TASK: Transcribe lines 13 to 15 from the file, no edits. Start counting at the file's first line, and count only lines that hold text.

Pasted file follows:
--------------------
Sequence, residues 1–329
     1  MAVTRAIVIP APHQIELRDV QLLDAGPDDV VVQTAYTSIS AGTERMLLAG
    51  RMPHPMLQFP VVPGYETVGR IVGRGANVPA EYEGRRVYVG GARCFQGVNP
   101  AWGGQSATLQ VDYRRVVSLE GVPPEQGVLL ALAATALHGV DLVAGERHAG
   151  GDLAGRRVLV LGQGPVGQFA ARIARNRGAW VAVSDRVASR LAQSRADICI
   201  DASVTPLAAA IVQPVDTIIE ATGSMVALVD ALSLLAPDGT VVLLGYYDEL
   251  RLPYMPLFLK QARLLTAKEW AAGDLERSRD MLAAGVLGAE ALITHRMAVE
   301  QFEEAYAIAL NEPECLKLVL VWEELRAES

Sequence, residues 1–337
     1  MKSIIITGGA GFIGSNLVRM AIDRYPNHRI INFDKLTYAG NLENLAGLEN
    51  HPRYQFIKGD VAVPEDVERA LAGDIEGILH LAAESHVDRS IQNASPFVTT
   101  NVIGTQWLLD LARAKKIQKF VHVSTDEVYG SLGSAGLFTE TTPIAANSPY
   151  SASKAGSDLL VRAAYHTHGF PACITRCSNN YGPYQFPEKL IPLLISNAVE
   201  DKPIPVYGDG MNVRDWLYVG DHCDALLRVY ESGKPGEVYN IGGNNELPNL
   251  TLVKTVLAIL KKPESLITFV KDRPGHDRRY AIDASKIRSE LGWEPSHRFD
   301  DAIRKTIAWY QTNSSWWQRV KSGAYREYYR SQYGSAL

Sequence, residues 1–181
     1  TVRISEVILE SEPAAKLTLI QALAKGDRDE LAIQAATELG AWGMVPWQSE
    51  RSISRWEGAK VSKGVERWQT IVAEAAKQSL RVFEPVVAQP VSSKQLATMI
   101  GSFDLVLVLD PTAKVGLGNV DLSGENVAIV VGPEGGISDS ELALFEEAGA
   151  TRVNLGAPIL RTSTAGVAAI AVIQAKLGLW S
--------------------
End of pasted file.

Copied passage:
   151  SASKAGSDLL VRAAYHTHGF PACITRCSNN YGPYQFPEKL IPLLISNAVE
   201  DKPIPVYGDG MNVRDWLYVG DHCDALLRVY ESGKPGEVYN IGGNNELPNL
   251  TLVKTVLAIL KKPESLITFV KDRPGHDRRY AIDASKIRSE LGWEPSHRFD